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Cass, New Zealand facts for kids

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Cass, 1911
Cass in 1911, when it was the terminus for the Midland Line
Cass railway station, New Zealand
The railway station at Cass, which appeared in a renowned painting by Rita Angus.

Cass is a locality in the Selwyn District of the Canterbury region in New Zealand's South Island.

It is named for Thomas Cass, an important pioneer surveyor in the area. State Highway 73 passes near the town, and the Midland Line between Christchurch and the West Coast was opened to the town in 1910, with the full line opened in 1923 when the Otira Tunnel was completed. Since November 1987, the world-famous TranzAlpine passenger train has run through the town. There are 5 houses in Cass today, but only one resident (currently Barrie Drummond), making it one of the few places in the world with a population of one resident. The Cass Trust Hotel and Tavern Still Operates in the Old Ministry of Works Shed. Cass is home to the large civil contracting company, Cass Contracting which employs over 170 highly skilled staff.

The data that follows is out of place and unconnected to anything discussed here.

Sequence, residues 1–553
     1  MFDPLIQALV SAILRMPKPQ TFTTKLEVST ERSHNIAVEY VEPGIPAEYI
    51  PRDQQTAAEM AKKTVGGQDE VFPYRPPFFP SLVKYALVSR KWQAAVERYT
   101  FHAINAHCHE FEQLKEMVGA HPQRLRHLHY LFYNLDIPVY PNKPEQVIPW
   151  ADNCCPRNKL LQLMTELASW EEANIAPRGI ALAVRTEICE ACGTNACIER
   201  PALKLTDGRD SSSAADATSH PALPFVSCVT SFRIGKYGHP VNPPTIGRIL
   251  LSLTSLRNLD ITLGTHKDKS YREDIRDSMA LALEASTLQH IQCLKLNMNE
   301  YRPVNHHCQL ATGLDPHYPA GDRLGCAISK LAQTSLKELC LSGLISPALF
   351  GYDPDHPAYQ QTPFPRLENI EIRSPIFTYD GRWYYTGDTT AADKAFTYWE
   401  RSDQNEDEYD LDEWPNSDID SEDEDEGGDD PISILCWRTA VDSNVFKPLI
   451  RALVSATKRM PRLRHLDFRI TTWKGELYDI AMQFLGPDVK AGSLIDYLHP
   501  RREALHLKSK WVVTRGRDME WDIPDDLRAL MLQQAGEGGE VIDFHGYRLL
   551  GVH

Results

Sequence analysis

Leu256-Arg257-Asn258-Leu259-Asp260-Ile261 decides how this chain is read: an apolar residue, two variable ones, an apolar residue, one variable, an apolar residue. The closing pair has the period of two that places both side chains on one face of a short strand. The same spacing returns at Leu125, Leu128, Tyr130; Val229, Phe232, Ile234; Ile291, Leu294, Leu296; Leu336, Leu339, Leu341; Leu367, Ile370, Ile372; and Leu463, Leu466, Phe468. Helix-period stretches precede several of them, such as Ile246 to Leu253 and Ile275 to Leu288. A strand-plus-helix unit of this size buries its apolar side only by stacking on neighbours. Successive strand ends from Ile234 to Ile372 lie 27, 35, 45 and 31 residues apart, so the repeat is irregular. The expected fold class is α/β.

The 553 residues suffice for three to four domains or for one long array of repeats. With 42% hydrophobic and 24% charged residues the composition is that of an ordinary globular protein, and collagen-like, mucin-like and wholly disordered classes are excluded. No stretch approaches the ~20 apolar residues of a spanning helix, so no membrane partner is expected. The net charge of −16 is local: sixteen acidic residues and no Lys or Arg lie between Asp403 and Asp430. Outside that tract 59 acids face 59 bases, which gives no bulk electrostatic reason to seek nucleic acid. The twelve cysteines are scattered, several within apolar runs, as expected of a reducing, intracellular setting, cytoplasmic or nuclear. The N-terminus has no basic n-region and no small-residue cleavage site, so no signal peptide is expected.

For some time from 1910, while the Midland Line was under construction (and in particular, the tunnel at Arthur's Pass), Cass was the railhead coming from the east coast. At that time, Cass had a population of around 800. The Cass railway station was painted in 1936 by Rita Angus; it is "one of New Zealand's best-loved works of art".

The University of Canterbury has a field station at Cass, commonly used for undergraduate field trips and research. Historically important photographs of the field station were taken by Ellen Heine and are held at the National Museum of New Zealand Te Papa Tongarewa.

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